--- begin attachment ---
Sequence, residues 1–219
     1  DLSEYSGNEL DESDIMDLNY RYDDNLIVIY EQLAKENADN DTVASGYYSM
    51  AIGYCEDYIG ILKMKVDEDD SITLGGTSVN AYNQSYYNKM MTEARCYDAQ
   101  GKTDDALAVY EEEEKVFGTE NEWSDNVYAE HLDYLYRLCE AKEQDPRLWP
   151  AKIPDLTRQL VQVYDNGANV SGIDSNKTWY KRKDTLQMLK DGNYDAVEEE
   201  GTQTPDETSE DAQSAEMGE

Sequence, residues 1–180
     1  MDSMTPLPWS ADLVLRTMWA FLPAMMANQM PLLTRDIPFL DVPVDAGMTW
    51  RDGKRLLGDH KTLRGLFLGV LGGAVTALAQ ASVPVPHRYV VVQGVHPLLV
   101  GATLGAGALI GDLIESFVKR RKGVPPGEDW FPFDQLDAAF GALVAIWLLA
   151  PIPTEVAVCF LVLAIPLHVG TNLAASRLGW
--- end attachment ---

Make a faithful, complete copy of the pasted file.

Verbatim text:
Sequence, residues 1–219
     1  DLSEYSGNEL DESDIMDLNY RYDDNLIVIY EQLAKENADN DTVASGYYSM
    51  AIGYCEDYIG ILKMKVDEDD SITLGGTSVN AYNQSYYNKM MTEARCYDAQ
   101  GKTDDALAVY EEEEKVFGTE NEWSDNVYAE HLDYLYRLCE AKEQDPRLWP
   151  AKIPDLTRQL VQVYDNGANV SGIDSNKTWY KRKDTLQMLK DGNYDAVEEE
   201  GTQTPDETSE DAQSAEMGE

Sequence, residues 1–180
     1  MDSMTPLPWS ADLVLRTMWA FLPAMMANQM PLLTRDIPFL DVPVDAGMTW
    51  RDGKRLLGDH KTLRGLFLGV LGGAVTALAQ ASVPVPHRYV VVQGVHPLLV
   101  GATLGAGALI GDLIESFVKR RKGVPPGEDW FPFDQLDAAF GALVAIWLLA
   151  PIPTEVAVCF LVLAIPLHVG TNLAASRLGW